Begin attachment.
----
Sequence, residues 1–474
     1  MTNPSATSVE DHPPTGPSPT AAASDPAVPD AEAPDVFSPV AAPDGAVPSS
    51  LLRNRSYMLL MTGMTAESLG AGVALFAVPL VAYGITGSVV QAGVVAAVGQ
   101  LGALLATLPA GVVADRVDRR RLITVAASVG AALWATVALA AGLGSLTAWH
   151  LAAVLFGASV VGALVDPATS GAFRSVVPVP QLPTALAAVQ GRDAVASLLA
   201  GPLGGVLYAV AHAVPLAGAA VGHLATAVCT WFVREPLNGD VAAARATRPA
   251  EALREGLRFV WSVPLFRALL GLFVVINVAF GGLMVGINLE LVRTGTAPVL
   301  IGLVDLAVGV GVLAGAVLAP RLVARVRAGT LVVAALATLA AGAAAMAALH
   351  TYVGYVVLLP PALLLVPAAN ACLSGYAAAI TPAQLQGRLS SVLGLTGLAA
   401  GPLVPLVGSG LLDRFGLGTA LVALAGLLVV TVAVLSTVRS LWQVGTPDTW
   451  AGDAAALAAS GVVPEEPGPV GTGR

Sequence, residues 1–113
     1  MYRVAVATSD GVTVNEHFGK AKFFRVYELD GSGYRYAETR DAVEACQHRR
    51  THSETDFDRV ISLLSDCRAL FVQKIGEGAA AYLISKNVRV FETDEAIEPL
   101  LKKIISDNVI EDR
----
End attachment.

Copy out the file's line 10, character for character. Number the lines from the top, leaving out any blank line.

   401  GPLVPLVGSG LLDRFGLGTA LVALAGLLVV TVAVLSTVRS LWQVGTPDTW